*Published on January 22, 2012 in The Edge
Matthew Maguire, the two-time OBIE award winner and co-founder with partner Susan Mosakowski of the Creation Company, a longtime fixture on the experimental circuit, has undertaken to pen a straight play. To other denizens of downtown theater, this means the play is about the words, the actors, the sets, the direction, and the flow of the text.
“Instinct”, produced by the Creation Company, is the tale of two scientist couples — one straight, one lesbian — both attempting to parse and dissect their relationships and a virulent strain of the communicable disease, SARS.
It seems as if author Maguire spent a great deal of time learning lots of scientific back story; the science was sometimes baffling, the way science is to outsiders, but always enthralling. The piece was originally commissioned by Emory College’s Center for Creativity and the Arts Strategic Initiative and it pits and partners epidemiologists Mara and Daniel, played with gusto and commitment by Kim Blair and Jeffrey Withers, with (and sometimes against) vaccinologists Lydia and Fermina.
I loved the performances of Maggie Bofill as Lydia, a Russian scientist repatriated to Atlanta and addicted to pain killers and in love with a fiery Dominacana, played with equal force by Amirah Vann.
We meet the scientist couples on New Year’s Eve in two sequential scenes played out on a simple, workable set by Ben Kato. Some screens and cubes allow for all the action to unfold in a lab or apartment without the need of deep physical grounding. The opening shows us Maguire’s skill at pithy banter as the couples prod and preen before us, making promises for the coming year, which involve groundbreaking research and love making.
As Mara attempts to seduce Daniel into conceiving a child she utilizes a great scientific argument, “My genes are so good, it would be a shame to waste them.” Daniel is unconvinced. He wants to be a scientist first and fears the world he sees through his microscope. This provides the ongoing tension between this couple even as they are forced to work together to stop an epidemic, which we are told is in danger of becoming a pandemic.
The scenes shift to Lydia and Fermina, who have isolated a new vaccine created by actually cloning one strain from another, if I correctly absorbed the science in between the drugs and their similar fights about whether they would have a child.
Farina is all-in, while phlegmatic Lydia is full of doubt. The dialogue is quick and cinematic, filled with scientific metaphor. Dialogue like “Language can not live without a host so therefore it is a parasite”, made me pause and reflect on the skill of the author. But I often wanted more action.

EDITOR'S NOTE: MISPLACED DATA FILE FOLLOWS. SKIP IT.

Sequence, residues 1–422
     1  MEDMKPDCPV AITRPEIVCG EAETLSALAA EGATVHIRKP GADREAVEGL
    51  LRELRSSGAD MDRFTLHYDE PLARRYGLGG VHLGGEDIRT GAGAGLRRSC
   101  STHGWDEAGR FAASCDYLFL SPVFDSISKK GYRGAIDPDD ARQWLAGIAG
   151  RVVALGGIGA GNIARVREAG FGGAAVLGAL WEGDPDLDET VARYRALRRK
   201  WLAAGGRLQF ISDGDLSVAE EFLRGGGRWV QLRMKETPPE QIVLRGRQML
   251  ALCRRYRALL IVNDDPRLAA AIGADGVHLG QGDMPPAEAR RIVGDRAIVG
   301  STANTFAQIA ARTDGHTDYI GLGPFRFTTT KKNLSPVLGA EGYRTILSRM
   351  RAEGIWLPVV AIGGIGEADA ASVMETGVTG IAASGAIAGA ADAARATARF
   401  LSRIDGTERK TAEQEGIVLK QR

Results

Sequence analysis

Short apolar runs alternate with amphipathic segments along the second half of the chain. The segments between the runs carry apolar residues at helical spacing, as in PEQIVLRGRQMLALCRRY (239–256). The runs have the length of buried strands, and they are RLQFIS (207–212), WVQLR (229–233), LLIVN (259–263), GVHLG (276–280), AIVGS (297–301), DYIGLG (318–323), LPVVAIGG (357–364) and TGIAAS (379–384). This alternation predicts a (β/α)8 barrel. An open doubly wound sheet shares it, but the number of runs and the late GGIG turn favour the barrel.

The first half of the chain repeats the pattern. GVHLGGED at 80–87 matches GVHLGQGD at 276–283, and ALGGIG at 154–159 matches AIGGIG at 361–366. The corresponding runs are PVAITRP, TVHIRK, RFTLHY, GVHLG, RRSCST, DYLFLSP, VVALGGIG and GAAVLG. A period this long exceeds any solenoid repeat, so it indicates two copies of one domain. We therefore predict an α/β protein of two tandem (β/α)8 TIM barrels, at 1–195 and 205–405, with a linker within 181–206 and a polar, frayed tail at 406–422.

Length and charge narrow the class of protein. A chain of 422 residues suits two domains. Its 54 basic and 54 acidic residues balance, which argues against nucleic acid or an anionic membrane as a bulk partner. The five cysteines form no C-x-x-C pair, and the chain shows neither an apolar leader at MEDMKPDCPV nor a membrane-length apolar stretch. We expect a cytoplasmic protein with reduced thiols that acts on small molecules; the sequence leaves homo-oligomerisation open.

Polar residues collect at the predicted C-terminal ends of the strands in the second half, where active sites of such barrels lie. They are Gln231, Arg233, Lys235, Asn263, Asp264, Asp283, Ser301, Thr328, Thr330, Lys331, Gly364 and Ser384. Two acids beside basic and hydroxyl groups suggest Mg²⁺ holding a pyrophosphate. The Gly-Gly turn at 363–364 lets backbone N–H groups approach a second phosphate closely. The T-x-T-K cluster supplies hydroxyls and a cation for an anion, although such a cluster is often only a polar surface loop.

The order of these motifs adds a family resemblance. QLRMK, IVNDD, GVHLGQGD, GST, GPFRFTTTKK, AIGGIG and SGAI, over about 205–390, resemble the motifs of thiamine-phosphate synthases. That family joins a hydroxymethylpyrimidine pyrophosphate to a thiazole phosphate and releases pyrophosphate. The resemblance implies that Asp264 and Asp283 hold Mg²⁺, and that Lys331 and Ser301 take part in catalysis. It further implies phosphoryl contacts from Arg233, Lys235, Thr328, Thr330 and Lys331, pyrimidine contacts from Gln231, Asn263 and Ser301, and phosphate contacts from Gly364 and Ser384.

Finding this urgency onstage is difficult, as we have been spoiled by so many action movies on the same theme — “Contagion” being the most recent — where scientists run and race, fight, and finally win the battle over a virus, alien, or meteor that will destroy the earth. It is a tough call to create this tension with only language, a small set, and very present actors.
Each scene change is punctuated with the duration of the outbreak and the number of casualties: Day 1/7 Dead, Day 28 /978 Dead. There are many scenes in between where the scientists debate rushing to hasty cures or following the slow pace of science.
During this time the scientists grow more and more tired, which draws attention to a silly detail: although they are exhausted, the lesbian couple clings to wearing three-inch heels throughout the exhausting month portrayed on stage.
I would love to know what costume designer Christina Bullard had in mind when she concocted these gals in their gray and red heels toiling endlessly, popping pills, and fighting about commitment and emotional intimacy. At least Mara is wearing sensible flats as she becomes more and more tired, banishing Daniel to the couch and resorting to artificial insemination, and getting pregnant all during this one hellish month.
Sometimes this kind of detail can distract me, and maybe other audience members, from the finer points being unleashed. And perhaps director Michael Kimmel, who did a fine job moving the players and exhorting emotional performances from them, might have taken a slight reality check in the final rehearsals to see what reduces reality and thus force from “Instinct.”
In the final analysis I was wrapped up in the characters and dialogue, but kept seeing it as a movie. Maybe that will emerge from this showing. Imagine a great stage writer giving film actors some meaty, bright text with which to pepper an action movie. Please pass the popcorn.